Wright then showed the San Bartolo murals at the Las Pinturas Temple. They are from about 100 B.C. They depict creation, sacrifice, and then an anointed king in separate pictures. These murals were depicted on walls in order, around the wall. LDS temple rituals incorporate similar details. This concept in the Book of Mormon is not systematically drawn out at any point in the text, though elements of it are interspersed throughout.

Wright also showed a Mayan text involving the enthronement of a king before he was born.

The anointing of a new king began with a private ceremony where he was set apart, then presented in a public venue, just as is depicted in the Book of Mormon, Mosiah 1. One carving depicts a long-deceased, and now deified ruler passing on the rulership to a new king. Claiming descent from a deified ancestor, then, gave him right to rule. The Book of Mormon people's kings often traced their own genealogy to previous people usually from the original party from Jerusalem. Even Nephi traces his back to Joseph of Egypt. In Ether the Jaredites always trace their genealogy back as evidence of rulership rights, etc.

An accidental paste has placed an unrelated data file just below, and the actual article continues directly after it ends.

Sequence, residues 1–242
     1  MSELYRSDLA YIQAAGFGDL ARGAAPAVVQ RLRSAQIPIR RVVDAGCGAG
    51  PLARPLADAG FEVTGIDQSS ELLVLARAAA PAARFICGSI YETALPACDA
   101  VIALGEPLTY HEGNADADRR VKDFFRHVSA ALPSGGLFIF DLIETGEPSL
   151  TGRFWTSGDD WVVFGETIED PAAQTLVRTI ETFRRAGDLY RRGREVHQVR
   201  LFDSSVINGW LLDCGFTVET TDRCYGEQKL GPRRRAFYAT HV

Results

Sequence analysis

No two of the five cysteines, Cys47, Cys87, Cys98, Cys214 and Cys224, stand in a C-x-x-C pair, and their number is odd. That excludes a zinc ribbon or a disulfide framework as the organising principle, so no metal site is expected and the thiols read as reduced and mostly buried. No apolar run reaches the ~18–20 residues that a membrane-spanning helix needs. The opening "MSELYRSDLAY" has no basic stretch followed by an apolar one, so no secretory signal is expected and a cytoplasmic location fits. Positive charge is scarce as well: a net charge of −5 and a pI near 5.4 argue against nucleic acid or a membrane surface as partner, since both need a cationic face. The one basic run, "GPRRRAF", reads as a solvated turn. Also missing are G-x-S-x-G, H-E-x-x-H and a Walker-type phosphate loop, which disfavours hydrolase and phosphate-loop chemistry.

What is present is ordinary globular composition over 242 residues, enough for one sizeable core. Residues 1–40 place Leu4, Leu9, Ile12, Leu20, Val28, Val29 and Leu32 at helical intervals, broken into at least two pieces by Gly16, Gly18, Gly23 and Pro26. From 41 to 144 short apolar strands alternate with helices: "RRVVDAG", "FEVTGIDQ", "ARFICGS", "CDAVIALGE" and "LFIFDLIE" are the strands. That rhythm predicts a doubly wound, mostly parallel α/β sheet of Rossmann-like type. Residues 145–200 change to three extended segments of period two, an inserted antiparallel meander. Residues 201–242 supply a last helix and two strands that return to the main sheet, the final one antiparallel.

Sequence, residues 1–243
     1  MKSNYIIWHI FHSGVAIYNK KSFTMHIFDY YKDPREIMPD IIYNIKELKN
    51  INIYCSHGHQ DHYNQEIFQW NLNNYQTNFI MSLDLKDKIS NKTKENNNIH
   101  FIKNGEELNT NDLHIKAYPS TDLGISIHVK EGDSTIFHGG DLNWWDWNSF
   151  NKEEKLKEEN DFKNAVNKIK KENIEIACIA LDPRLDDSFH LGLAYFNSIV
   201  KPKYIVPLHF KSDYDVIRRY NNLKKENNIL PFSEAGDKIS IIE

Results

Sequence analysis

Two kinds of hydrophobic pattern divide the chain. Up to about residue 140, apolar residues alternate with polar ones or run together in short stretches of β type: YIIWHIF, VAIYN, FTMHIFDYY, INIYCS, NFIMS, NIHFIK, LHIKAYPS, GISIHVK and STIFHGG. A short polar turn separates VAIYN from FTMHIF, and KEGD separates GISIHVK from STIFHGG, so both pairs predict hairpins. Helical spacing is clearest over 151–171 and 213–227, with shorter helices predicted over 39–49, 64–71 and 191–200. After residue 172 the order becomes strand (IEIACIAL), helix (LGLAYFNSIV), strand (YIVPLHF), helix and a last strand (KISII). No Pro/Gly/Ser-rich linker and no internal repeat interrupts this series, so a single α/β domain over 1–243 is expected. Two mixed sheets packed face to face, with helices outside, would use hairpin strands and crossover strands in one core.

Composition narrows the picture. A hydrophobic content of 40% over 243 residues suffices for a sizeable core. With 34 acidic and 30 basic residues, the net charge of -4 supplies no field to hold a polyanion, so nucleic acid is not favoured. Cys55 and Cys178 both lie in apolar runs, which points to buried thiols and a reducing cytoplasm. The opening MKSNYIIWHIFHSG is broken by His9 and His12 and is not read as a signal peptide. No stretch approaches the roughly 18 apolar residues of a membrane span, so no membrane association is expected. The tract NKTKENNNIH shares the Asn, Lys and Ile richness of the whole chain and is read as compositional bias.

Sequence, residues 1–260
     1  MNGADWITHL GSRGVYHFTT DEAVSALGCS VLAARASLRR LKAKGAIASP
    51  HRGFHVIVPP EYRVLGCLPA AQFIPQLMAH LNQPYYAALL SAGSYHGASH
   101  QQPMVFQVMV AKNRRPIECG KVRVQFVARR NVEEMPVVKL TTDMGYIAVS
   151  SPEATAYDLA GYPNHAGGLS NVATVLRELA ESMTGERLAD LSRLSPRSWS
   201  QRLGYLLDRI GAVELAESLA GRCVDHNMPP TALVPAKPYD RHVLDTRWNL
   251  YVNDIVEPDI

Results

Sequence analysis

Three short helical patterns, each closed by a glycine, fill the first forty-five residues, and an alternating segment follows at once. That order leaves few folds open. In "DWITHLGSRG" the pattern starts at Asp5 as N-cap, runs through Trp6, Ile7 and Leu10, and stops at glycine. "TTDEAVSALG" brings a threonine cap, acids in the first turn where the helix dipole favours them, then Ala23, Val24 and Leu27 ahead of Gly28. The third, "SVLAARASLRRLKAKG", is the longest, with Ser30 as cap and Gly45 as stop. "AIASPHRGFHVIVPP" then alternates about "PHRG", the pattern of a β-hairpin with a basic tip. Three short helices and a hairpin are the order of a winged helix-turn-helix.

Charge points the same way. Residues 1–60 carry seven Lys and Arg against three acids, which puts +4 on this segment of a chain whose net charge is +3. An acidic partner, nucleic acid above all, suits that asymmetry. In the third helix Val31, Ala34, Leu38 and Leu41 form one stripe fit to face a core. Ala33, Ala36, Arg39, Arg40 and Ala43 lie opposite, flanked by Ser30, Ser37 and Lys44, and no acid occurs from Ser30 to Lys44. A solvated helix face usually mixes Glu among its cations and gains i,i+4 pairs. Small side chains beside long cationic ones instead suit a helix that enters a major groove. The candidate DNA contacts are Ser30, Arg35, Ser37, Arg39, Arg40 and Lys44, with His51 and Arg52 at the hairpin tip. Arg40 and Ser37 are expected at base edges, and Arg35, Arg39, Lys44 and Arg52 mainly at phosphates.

Benjamin declared that all of king Benjamin's people were children of God now through covenant. This represented, then, enthronement of the people, invited into the divine lineage, and thus, expected to be deified in the next life.

As children of the kingdom, we are joint-heirs with Christ. We are said to be sat with Him in the throne, inheriting all the Father hath. Among the classic Maya, the term for "seated" referring to an office are used, along with the concept of ascension and deification; as the Book of Mormon uses the concept of "sitting down" with the forefathers on thrones of glory.

In Mesoamerica, a divine birthright with rituals designed to make people kings and queens, would lead the the righteous "shining forth" in the kingdom of God.

3 comments:

Mark Wright said...

Excellent summary of my presentation - thank you. I didn't bother to take notes on any of the presentations the second day because I realized your notes would be far better than mine. I'm just going to print them out and put them in my notebook.

Traci and I are totally looking forward to hanging out with you and Kristen. I'll be out of town for a few weeks - we'll give you a jingle when I get back.

LifeOnaPlate said...

Let us know, we'll be waiting to hear from you guys. email me your email address, btw. LifeOnaPlate @ Gmail.com